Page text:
08.10.2014 | Blog

Airdrops - Aid from the Air

How and where we are supporting refugees in South Sudan.

Distribution of aid supplies in South Sudan.
Distribution of aid supplies in South Sudan. © Welthungerhilfe

The war in South Sudan has displaced more than 1.3 million people from their home regions. They have to seek out protection in refugee camps or with host families in remote villages where they are safe. There they are lacking the most basic items for survival. We are helping refugees with food and aid packages delivered from the air.

Rebels and mud: Roads are impassable

The long conflict is having catastrophic effects on the food supplies for people: the fields in South Sudan have not been cultivated since the spring. Harvests could not be brought in and reserves have long since been used up. In the overcrowded camps and in the villages, hunger is the order of the day.

Providing the war refugees with the most necessary goods is, however, a logistical challenge: many refugee camps lie in regions that are difficult to reach. During the rainy season, the roads turn into impassable mud tracks. In addition, rebels control the still-passable transport routes in the North and around the Nile. As a result, many families are completely cut off from the outside world.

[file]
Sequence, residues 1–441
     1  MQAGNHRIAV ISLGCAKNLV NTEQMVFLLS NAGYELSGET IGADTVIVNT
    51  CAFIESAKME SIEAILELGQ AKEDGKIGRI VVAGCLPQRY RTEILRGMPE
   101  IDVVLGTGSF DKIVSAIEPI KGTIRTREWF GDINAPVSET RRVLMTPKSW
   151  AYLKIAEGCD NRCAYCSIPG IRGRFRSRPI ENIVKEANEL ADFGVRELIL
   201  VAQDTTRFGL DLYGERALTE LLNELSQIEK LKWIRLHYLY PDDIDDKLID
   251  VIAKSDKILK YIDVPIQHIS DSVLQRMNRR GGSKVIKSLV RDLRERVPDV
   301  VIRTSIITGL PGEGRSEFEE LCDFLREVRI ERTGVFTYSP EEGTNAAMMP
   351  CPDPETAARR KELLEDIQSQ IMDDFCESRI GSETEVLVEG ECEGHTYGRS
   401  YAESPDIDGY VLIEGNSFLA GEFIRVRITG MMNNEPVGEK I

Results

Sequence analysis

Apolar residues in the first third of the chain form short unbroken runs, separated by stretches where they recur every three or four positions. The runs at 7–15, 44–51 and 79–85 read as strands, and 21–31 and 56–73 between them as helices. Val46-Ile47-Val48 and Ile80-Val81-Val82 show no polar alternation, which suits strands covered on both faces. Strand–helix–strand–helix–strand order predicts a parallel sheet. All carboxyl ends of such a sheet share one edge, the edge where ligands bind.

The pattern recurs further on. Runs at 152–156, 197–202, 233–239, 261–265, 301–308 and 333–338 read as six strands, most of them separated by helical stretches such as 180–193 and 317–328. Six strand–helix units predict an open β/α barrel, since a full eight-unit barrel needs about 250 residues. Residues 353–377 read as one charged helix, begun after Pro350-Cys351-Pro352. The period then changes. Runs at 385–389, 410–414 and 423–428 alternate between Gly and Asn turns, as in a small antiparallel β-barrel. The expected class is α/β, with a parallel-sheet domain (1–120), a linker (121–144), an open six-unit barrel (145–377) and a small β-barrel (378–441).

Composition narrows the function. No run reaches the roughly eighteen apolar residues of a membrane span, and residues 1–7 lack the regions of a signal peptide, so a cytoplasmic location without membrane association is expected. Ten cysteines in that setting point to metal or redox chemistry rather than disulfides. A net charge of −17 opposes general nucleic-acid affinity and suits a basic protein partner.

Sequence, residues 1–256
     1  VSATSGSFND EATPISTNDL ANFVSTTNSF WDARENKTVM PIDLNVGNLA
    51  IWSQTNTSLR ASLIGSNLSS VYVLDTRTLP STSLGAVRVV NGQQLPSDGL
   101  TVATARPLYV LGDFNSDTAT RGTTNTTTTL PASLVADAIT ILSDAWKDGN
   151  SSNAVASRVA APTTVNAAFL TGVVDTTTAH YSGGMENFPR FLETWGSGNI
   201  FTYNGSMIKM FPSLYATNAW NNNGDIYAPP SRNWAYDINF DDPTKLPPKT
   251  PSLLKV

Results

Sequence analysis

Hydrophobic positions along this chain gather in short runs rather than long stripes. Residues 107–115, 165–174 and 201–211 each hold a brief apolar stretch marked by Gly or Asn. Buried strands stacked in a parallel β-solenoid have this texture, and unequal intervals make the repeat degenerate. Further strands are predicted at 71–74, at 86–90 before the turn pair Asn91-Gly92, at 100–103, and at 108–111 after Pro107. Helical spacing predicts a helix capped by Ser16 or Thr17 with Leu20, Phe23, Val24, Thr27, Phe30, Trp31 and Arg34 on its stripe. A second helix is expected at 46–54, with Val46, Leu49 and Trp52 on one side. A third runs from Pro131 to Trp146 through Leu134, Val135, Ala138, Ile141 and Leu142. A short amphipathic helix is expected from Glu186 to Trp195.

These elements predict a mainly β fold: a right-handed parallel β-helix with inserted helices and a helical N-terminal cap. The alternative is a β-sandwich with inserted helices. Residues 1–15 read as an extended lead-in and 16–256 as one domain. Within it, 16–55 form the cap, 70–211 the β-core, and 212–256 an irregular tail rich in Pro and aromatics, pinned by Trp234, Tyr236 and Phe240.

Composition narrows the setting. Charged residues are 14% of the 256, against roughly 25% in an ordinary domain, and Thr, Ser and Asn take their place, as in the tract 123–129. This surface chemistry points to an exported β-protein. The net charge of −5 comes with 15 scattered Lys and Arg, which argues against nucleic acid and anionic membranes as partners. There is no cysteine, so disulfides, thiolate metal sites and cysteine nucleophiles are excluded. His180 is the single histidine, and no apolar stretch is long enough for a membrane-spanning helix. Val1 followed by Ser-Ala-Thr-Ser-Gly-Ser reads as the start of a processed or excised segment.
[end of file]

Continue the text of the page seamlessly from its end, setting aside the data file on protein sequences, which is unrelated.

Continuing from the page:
Airdrops are insufficient

"At the moment in Bentiu we can only distribute half rations to the families", explains Mika. "There is an insufficient number of aeroplanes and helicopters to drop enough food. Together with the World Food Programme, we are planning further airdrops until the end of December, as it will be of some duration until people can plant seeds again and provide for themselves."

"Logistics and luck both play an important role in our work here in South Sudan", explains aid worker Jürgen Mika. He coordinates the relief flights locally. "We are carrying out airdrops in two locations: in Ganyiel and Nyal. In the future, food should also be dropped over Bentiu. Logistics are in demand, as the aeroplanes carrying the important staple foods come from the capital city Juba as well as from Ethiopia and Uganda. And you need luck that there are breaks in the rain sometimes: a good view is essential for dropping the relief packages and the valuable load should not become soaked through or sink into the mud or swampy areas.

How does an airdrop work? 

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